James Madison's time in political office saw a few failures, including the inability to purchase West Florida from the Spanish, causing unrest and disruptive restrictions through a series of acts, failing to gain Canadian territory from the War of 1812 and having two failed amendments for the U.S. Constitution. Madison was elected as secretary of state on March 5, 1801, by President Thomas Jefferson and went on to become president in 1809, serving two terms.
Madison proposed 12 amendments to the Constitution when he served in the House of Representatives in 1789. Ten of these were ratified by the states but, unfortunately, the first two were not. The first of these related to the apportionment of members of the House of Representatives. but the vote fell just short of what was needed to make it law. The second amendment related to Congress not being able to issue itself with a pay raise. An unexpected discovery by a university student in 1982 highlighted that the amendment had no expiration date, and it is now the 27th Amendment of the Constitution. Madison's 10 Amendments that were ratified became the Bill of Rights.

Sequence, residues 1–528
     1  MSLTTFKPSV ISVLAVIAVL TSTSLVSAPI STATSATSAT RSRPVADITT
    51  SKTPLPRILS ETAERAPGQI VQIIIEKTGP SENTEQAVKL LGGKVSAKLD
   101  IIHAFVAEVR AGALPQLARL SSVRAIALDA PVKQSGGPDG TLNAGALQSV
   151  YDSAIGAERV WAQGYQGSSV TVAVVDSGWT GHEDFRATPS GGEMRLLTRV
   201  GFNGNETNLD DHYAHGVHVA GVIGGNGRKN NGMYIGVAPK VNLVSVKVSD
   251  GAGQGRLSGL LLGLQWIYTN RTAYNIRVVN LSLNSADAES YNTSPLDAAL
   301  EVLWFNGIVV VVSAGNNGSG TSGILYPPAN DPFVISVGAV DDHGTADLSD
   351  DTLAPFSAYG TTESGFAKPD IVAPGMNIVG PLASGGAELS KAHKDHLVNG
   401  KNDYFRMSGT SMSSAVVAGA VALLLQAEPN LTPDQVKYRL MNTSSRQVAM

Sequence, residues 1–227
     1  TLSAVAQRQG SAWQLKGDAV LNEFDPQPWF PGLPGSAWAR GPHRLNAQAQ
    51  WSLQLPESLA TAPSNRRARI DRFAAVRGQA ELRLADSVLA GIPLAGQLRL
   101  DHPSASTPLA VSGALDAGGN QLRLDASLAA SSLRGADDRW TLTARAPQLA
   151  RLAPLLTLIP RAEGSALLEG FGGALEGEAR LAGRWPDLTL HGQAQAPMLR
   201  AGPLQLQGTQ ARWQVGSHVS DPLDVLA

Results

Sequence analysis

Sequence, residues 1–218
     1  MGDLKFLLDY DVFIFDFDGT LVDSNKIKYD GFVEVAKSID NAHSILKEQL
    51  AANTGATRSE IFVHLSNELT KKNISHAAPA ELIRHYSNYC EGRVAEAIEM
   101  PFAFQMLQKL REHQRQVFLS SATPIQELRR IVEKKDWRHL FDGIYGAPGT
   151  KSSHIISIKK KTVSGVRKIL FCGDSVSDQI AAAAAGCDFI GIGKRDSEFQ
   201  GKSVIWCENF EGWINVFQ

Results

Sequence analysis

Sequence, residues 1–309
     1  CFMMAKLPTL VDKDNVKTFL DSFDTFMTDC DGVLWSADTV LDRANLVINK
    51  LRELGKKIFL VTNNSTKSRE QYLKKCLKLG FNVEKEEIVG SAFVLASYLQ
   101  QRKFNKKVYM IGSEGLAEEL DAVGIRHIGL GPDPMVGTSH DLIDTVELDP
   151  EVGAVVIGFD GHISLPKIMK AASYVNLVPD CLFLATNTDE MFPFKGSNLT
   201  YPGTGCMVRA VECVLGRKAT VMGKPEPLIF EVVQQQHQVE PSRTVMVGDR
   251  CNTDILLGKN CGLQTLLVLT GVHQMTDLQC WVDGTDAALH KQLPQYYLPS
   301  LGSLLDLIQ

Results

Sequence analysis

Madison collaborated with President Jefferson on the Louisiana Purchase in 1803, but they were unable to secure West Florida in the deal. Madison was finally able to annex West Florida by force during his presidency in 1810.
The Embargo Act of 1807 and the Non-Intercourse Act of 1809 were among the acts passed to aid the U.S. economy. However, they only resulted in disrupting U.S. trade and encouraging U.S. merchants to smuggle. Trade sanctions were enacted by European countries. Macon's Bill No. 2 was signed in 1810 to stop these disruptions, but while France agreed to the terms, Britain did not. Madison declared war against the British in 1812.